On the day of my arrival at this town, I waited on the Governor, Don Domingo Rosas; who invited me to dine at his house, which I did. I little thought that I should now be confined, after having been at liberty in Chile above two years on my parole, and had always behaved as became a prisoner at large; but after dinner, as I was coming away, to my great surprise I found that I was confined in the fort, and not to go out of the gate. Accordingly I remained in the fort six and thirty days, at the end of which I was let out by the Admiral's procurement, and then I had the whole town for my prison. But some time after, upon a groundless report that a squadron of English men-of-war were coming into the River Plate, I was again confined in the fort, and remained there twenty-two days more; but the rumour being blown over, I was again enlarged [released, Ed.].

Gratitude will not let me omit to mention the kindness of the Governor of the Portuguese settlement adjoining to Buenos Aires. Hearing of me while in that town, he wrote me a letter in English, acquainting me that he would supply me with money, if I had occasion [need, Ed.]; and at the same time sent me a present of English butter and a box of sweetmeats [sweet foods, Ed.]. This gentleman was Governor of Santa Catalina when Commodore Anson was there: his name Don Joseph Silva de Paz.

The town of Buenos Aires is pretty large, and in it are a great many merchants; but how they live I can't imagine; for all their trade is confined to the neighbouring Portuguese colony, and even this is contraband, and carried on only in the night. I was told that there goes every year from Buenos Aires to the above colony, above five millions of dollars and upwards of thirty thousand cow-hides.

Here runs the famous River of Plate, which is said to be the largest in the world. At Buenos Aires [it] is fifteen leagues wide, and [at] its mouth, from Cape St. Mary's to Cape St. Antonio's, it is eighty leagues over, and all fresh water. There are but three settlements on it, Buenos Aires is the largest; the second is the Portuguese colony, on the north side of the river, opposite to Buenos Aires; Montevideo is the third, on the north side also, and forty leagues to the eastward of the Portuguese. Here is a harbour for ships of small burden; however one of the Spanish men-of-war lay here: she was indeed obliged to unship her rudder for want of water, of which there is not above seventeen foot at the highest tides; but there is a great deal of mud, into which she sank, and lay there two years, with her guns, etc. in her, and received no damage.— Here the Spaniards have begun to build a fine fortification, which they say will be the best and strongest in America, and which will entirely command the river; on which they are very apprehensive of the English making a settlement.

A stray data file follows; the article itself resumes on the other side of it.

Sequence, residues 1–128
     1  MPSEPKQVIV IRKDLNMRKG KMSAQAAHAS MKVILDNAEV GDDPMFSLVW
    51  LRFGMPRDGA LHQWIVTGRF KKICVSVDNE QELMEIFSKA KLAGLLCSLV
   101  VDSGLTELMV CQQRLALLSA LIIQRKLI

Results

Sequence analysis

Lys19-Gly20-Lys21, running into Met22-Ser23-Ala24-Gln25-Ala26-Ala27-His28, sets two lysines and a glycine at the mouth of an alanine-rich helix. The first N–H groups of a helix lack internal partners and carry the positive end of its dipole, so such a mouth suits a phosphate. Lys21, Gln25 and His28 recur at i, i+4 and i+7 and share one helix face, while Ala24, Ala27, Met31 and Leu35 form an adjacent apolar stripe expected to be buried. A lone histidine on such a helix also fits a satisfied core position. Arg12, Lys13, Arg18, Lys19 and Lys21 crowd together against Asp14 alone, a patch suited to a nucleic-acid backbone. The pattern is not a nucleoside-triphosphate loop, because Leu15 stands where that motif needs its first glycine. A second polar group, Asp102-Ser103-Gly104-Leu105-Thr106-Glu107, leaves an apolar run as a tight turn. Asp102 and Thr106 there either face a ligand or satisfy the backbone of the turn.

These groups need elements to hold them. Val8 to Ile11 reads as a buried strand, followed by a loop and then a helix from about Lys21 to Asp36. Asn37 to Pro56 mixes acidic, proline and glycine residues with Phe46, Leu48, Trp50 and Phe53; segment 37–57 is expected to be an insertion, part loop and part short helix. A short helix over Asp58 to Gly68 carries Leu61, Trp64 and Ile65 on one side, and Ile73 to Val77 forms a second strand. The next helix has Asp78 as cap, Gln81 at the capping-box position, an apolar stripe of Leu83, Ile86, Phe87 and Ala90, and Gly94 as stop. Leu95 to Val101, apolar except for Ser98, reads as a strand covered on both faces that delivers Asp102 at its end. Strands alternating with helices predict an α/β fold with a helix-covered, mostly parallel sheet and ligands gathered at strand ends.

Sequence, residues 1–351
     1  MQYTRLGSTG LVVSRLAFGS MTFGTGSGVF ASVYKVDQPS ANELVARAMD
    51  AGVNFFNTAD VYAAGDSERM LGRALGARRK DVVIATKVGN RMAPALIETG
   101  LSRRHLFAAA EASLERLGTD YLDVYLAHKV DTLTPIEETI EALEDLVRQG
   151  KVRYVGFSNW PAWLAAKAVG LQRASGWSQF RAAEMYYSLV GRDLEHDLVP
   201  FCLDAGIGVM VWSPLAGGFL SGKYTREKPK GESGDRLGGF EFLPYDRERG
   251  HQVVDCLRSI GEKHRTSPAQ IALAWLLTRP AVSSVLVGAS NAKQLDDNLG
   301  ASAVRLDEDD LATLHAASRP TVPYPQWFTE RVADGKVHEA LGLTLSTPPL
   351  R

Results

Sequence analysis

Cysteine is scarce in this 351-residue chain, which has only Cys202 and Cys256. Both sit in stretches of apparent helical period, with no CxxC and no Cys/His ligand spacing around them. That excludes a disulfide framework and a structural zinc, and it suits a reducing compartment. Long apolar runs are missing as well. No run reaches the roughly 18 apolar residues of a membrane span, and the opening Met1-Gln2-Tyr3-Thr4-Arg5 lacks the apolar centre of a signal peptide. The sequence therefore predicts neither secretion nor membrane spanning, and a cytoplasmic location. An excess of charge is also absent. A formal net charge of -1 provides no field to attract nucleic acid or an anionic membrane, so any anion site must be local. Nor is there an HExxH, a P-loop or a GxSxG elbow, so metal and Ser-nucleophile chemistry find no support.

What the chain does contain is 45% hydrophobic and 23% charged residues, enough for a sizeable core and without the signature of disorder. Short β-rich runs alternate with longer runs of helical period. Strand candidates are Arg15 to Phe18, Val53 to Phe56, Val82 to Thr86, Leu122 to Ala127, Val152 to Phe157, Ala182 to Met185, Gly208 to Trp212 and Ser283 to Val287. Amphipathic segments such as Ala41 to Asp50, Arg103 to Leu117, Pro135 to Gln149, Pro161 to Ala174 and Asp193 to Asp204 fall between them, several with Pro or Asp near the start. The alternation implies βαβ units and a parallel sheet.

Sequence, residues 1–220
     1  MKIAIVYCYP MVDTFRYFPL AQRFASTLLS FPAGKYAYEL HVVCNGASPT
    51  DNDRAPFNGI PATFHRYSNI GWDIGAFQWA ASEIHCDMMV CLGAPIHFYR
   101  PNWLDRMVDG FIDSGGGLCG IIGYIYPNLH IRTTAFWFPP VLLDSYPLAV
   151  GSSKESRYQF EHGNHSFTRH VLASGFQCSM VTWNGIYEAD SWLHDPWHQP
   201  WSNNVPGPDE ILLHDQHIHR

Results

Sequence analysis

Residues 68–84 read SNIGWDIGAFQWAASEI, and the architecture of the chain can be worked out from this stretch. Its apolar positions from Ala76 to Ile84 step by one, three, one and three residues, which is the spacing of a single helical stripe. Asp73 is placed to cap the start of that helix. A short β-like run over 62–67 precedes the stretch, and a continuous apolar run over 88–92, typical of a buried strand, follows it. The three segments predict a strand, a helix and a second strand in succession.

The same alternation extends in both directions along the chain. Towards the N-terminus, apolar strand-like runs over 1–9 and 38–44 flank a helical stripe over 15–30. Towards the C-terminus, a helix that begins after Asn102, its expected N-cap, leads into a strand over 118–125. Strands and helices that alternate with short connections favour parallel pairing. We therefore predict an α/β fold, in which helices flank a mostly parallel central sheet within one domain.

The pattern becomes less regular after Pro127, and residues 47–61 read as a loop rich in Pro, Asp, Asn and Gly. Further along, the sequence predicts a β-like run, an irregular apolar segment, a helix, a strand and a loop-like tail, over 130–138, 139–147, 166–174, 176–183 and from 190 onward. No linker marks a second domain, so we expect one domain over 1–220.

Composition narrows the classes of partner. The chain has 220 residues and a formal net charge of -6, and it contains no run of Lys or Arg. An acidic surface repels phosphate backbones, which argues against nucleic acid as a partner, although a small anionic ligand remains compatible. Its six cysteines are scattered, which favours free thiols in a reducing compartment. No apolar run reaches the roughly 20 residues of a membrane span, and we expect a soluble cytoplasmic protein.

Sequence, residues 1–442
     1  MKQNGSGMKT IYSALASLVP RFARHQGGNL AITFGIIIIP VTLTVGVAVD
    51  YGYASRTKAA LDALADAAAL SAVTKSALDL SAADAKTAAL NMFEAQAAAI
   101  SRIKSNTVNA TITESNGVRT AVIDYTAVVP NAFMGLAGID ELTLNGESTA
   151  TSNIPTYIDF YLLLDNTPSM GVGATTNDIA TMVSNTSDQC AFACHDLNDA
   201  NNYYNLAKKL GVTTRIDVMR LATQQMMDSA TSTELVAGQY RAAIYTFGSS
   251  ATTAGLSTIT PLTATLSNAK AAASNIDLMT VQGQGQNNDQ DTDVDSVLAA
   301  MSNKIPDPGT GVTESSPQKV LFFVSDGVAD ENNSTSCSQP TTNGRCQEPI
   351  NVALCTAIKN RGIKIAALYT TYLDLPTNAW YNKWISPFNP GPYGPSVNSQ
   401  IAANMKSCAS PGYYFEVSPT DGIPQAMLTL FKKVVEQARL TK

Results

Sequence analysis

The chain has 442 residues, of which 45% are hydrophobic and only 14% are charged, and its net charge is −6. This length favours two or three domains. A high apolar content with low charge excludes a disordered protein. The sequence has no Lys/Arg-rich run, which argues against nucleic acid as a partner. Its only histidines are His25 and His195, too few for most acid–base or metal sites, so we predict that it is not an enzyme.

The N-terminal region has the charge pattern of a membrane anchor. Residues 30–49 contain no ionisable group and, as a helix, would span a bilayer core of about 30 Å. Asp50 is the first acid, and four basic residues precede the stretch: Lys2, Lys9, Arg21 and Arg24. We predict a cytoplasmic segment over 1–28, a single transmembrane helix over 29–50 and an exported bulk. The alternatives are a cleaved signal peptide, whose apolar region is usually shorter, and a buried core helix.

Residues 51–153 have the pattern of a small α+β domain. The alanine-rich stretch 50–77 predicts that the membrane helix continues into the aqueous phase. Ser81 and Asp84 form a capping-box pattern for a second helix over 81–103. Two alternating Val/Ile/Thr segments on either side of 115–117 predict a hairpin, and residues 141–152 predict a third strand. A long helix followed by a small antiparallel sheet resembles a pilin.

A little below Montevideo there is another fine harbour, called Maldonado, with more water; the mouth is narrow, but within there is room for 200 sail of ships. It is one of the safest in the world, and wants for no accommodations that nature can furnish. On the south side there is also another very fine harbour, besides Buenos Aires: the Spaniards call it the Ensenada de Barragon.

Buenos Aires can indeed boast a healthy climate, but it is very subject to sudden thunder and lightning, with terrible squalls of wind and rain, which generally do much damage. Here all garden seeds brought from Europe grow wild in two years after they are sown; nor does any tree whatever grow to a large size. At a small distance from Montevideo, is a hill enriched with gold mines, and some diamonds, which the Portuguese from Rio Grande, come to gather in the River Negro, or the Black River, which empties itself into the River of Plate, a little above Montevideo.

In August 1745, I received orders from the Governor of Buenos Aires to go to Montevideo, to embark for Europe. The Governor of the latter place treated me in a much handsomer manner than the Governor of Buenos Aires. He invited me to dinner on the day of my arrival there, appointed me a room, and told me I might go where I would on my parole. The same day, in the evening, I had a general visit from the officers of the garrison, who behaved to me with great politeness. Next day I had another visit from the officers of the man-of-war that lay in the harbour, among whom were two Irish captains, one Scotch captain, and one English lieutenant, all belonging to Pizarro's fleet.